This is a follow up to Lindsay's really interesting post on Kurt Jackson.
I discovered his work some years back and it really resonated for me - the way he catches the light, the drama, the deep sense of place, the particular colours of a region. I go to see his shows in person whenever possible - there is one coming up in the Spring at the John Davies gallery, about 70 miles from me - if anyone can get to it they are guaranteed an interesting day. It's in a very nice part of the country with lots of small galleries so it makes a great day out.
There is also a show at the end of this month at Messums gallery in London, the theme of this is Forest Gardens. What may be of particular interest to readers of this blog is the interview with him on his Thames Project. Look under videos.
It was interesting reading on Tina's blog how she doesn't like brush marks in her work - and it works utterly beautifully for her. But I love marks - brush marks, drawn marks, scratches, glazes, splatters and splotches and scumbles that all suggest the textures and elements in the scene. Though this is what I want in my own work I can thoroughly appreciate the subtle glazes of Tina's or the quietness of a Gwen John or Morandi and want to own one :>) I do in fact have small painting of Tina's and Lindsay's :>) (and Lindsay, Ronell and Gesa's from the FPP exchange :>) )
That first painting is a watercolour of mine, done plein air, on the east coast, on a very wild day with brushmarks, scribbles of oil pastel, scratches through wet watercolour and glazes and wet-in-wet paint. It's only about 6 inches square.
This second painting, about 11 inches square on the right, is an oil done plein air on a breezy day as the tide was high. No stretches of wet sand shining. There are splatters and scratches of paint, some sand deliberately integrated with the wet oil paint and lots of marks, suggesting the shells, pebbles and fragments along a previous higher tide line - the majority of it was done with a knife - it's so easy to clean in the sand! but the paint isn't applied thickly - I rarely apply paint in thick layers.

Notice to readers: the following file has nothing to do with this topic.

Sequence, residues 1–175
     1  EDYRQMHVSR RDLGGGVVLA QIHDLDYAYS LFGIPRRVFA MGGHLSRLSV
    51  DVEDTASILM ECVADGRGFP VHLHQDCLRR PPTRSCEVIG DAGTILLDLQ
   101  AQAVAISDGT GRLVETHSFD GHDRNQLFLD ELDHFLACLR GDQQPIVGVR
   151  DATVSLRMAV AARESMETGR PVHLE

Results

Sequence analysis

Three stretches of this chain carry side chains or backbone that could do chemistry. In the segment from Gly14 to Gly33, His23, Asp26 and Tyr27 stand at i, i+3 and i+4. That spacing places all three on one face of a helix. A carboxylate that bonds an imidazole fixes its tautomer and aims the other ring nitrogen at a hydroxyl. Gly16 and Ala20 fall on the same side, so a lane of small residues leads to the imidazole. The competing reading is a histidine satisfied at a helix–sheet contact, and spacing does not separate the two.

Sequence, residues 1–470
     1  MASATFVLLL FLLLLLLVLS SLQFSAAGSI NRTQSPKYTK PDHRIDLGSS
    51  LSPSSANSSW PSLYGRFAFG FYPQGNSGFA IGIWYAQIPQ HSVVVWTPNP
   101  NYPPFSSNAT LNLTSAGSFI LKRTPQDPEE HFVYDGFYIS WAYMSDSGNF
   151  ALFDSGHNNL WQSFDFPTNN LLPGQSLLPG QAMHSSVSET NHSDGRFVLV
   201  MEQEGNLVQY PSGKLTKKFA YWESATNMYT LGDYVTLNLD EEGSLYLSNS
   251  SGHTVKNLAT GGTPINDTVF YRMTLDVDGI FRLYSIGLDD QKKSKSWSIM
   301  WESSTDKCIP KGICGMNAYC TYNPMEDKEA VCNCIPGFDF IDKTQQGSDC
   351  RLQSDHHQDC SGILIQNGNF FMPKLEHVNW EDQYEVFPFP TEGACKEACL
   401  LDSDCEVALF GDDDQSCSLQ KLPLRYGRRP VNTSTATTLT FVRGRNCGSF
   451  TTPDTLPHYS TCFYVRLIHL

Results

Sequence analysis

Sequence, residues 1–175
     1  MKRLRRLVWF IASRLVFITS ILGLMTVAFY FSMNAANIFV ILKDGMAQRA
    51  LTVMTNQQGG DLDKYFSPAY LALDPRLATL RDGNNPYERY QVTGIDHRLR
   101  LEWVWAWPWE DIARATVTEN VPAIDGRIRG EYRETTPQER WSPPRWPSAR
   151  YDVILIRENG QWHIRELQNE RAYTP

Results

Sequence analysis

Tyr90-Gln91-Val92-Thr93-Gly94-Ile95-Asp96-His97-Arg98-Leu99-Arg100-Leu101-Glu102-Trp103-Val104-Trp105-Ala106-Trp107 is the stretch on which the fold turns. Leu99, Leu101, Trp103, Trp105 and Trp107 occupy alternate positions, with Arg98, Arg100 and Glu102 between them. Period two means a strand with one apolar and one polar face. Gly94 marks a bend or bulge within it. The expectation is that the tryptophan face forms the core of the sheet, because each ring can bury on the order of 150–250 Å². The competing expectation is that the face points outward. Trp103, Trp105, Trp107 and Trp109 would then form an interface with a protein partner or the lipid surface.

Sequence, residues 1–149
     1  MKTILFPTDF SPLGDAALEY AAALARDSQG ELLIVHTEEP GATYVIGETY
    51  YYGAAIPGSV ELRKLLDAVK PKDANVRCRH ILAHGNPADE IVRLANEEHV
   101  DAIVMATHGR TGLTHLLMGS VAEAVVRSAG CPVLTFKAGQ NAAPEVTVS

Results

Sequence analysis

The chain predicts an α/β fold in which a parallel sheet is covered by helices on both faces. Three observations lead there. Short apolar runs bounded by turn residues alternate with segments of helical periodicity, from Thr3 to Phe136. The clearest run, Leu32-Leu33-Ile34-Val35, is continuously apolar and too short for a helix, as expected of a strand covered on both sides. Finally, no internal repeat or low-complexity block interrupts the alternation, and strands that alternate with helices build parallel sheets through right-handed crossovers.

Generally I love to arrive when the tide is fully in, allowing me close ups of the waves and then views of the shimmering wet sand and pools as it recedes . On this part of the east coast the tide goes out for over a mile - so at low tide the sea is just a thin blue line on the horizon. Because the land is almost flat, the tide moves very fast so it's essential to paint equally fast! Take 2 hours over this painting and what started as a scene of waves only feet in front of you is now a view of half a mile of drying sand with the sea in the distance. My natural painting speed is to work fast plein air, so that doesn't worry me.
These are all quite old pieces, done as I was getting to grips with the ways I could get down, on paper or canvas, the weather, the light, the particular colours. the bones of the land beneath the sand (or grass/whatever), the way is sweeps and swirls and the kind of marks I could make to suggest it.
On my degree we were encouraged to build a rich diversity of mark making so that we could draw on this at need. We had to take in a variety of items like rollers and combs and sticks and twigs, rags, sponges, knives of course, cotton reels, jugs and much much more - anything went!
KJ didn't go to art college but did a degree in zoology at Oxford University. His parents were both artists though, so from a young age he learned at first hand about art and artists and would have had a deeper than average knowledge and understanding of the arts and of course he studied it at school.